The post below is re-posted from the GAMBALOA project blog (read here):
On 25th, 26th and 27th February the GAMBALOA project partners met in the historic university town of Leuven. The British (Nicola Whitton, Clare Hamshire and James Duggan) along with the German (Bernd Remele, Mattias Matic, Rainer Gaupp, and Katja Sustrate) partners were warmly welcomed, fed, watered and kept busy by our Belgian hosts (Nathalie Charlier, Lien Van Der Stock and Evelien Luts).
The purpose of the meeting was to plan and implement the dissemination stage of the project. Dissemination is an increasingly important but typically tricky part of research projects. The partners decided to host an end of project meeting to be held in Berlin in June. The event will bring together a select group of academics and policy and practitioner organisations to engage with three briefing papers on games and motivation, health and business. As everyone is being forced to count the pennies and cents we are going to stream the conference online and enable virtual participation in the event. Watch this space for further details!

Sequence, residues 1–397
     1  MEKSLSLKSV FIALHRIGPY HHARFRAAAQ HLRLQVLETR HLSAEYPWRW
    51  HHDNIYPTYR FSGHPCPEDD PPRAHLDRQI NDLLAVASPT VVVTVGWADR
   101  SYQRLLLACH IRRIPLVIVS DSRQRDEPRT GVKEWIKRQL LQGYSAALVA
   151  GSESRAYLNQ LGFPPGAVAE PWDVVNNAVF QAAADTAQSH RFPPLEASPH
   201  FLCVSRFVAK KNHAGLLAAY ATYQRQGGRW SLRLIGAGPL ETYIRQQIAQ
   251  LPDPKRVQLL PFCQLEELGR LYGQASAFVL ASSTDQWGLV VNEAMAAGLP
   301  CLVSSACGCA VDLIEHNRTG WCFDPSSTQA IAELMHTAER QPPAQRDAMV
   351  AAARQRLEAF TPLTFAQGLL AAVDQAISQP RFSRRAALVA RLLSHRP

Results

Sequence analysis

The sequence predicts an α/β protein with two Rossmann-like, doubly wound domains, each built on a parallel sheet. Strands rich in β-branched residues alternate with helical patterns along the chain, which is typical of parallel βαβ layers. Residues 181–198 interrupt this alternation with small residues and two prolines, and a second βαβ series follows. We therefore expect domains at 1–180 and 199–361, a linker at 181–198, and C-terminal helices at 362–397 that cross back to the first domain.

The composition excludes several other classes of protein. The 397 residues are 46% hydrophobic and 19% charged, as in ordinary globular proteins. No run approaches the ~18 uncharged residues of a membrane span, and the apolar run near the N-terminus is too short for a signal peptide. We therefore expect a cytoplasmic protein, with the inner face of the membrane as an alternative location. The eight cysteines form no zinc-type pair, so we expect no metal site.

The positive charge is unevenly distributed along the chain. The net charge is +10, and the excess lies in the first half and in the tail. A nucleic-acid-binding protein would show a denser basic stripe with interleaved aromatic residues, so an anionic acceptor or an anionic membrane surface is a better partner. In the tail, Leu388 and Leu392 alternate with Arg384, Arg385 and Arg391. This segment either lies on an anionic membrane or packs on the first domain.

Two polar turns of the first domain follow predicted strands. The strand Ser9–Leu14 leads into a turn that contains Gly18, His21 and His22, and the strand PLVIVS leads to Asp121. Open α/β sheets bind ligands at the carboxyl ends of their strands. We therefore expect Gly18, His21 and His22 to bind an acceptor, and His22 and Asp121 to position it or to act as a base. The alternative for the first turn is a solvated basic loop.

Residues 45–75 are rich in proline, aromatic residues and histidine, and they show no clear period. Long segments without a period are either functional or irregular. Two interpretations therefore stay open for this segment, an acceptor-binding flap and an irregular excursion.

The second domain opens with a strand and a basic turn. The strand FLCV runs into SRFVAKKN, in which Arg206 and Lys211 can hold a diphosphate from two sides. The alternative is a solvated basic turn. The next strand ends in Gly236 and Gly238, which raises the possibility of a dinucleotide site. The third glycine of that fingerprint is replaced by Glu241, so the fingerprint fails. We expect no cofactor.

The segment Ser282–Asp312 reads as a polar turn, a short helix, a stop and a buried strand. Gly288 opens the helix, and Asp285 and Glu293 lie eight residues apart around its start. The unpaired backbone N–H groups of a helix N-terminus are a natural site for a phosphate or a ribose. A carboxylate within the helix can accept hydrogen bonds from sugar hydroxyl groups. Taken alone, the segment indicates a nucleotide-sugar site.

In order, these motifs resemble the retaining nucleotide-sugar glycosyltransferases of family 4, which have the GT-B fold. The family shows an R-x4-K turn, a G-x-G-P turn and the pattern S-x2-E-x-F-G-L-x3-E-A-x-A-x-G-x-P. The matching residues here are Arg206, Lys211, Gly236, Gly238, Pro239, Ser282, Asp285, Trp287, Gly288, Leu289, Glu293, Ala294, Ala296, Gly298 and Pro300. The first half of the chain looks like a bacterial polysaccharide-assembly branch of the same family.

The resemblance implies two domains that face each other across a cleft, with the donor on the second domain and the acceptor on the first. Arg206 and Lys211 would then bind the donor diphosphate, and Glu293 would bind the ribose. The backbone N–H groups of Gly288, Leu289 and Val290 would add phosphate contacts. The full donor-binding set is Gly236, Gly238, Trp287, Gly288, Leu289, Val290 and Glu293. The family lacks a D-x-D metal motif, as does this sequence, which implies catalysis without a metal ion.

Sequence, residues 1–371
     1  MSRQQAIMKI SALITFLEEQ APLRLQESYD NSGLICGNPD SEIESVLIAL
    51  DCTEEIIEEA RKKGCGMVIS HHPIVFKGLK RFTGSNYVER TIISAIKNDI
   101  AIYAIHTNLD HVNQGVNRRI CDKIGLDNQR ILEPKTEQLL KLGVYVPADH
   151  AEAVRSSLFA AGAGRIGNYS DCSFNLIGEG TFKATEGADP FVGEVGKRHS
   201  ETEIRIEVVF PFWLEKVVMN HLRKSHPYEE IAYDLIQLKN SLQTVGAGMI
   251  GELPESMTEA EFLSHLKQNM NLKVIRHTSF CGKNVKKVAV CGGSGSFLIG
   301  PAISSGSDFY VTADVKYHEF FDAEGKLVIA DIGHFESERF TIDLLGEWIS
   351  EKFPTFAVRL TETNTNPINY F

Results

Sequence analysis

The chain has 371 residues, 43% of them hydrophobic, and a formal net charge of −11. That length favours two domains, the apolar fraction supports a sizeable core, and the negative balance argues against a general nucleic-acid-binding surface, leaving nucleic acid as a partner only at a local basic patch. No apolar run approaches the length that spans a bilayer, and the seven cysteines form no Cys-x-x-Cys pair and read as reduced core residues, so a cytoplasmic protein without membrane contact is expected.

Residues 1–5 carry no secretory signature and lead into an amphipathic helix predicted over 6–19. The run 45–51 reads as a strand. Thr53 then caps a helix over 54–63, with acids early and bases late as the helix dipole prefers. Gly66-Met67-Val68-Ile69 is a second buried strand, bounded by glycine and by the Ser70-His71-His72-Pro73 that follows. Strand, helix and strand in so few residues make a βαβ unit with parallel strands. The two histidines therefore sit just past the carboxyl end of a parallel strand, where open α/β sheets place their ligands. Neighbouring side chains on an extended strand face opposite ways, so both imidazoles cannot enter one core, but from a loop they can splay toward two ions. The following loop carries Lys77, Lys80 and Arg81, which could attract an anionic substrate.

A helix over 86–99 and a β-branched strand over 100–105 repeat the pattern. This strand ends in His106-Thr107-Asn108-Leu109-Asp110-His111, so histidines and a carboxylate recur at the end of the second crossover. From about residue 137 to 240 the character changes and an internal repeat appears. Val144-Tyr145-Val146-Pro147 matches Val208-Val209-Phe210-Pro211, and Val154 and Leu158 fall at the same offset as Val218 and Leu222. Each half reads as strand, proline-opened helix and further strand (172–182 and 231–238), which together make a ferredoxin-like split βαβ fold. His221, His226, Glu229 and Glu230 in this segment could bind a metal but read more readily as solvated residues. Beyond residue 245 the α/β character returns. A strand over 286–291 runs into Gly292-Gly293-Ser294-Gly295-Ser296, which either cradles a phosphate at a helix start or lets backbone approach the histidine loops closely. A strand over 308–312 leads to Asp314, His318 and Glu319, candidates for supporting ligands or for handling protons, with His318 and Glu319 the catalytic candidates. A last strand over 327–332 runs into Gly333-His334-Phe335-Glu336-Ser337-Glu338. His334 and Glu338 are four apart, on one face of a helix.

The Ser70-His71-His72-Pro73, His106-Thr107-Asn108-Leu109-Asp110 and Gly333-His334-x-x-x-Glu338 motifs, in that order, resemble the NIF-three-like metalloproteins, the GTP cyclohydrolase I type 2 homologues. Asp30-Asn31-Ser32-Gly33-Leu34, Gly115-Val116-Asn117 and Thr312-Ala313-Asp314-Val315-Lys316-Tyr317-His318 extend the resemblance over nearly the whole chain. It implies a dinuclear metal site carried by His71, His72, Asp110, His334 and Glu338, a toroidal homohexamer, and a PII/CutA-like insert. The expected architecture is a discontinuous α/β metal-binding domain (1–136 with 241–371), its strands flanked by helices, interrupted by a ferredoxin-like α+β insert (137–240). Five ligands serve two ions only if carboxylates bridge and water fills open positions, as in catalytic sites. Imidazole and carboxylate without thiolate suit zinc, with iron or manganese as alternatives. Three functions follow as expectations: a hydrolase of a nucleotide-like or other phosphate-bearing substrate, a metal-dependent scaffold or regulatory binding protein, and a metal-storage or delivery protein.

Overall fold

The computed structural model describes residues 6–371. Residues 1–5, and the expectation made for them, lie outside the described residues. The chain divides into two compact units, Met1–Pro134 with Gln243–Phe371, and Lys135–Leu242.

This was my first trip abroad with the games-based learning people and it was great to see the effort and care invested in building great working relationships. Nathalie, Lien and Evelien organised a pervasive game where we used Kickbikes to navigate our way around Leuven solving puzzles and then on the next day we worked in teams to make world-famous Belgian pralines.
All of that energy fuelled the discussions of what the partners should work on beyond GAMBALOA. One of the more difficult tasks of developing funding is finding the right partners, especially when it comes to the broader and bigger EU applications. If you don’t have the right partners different perspectives, difficult personalities, and unexplained agendas can prevent anything being achieved when tasks and work packages are divided up and shared. This is why working with such a great bunch of people is a joy and hopefully it will continue with ideas from using games to reduce homophobia because that seems really important, to using Lego… because Lego is awesome! Again, watch this space for further details.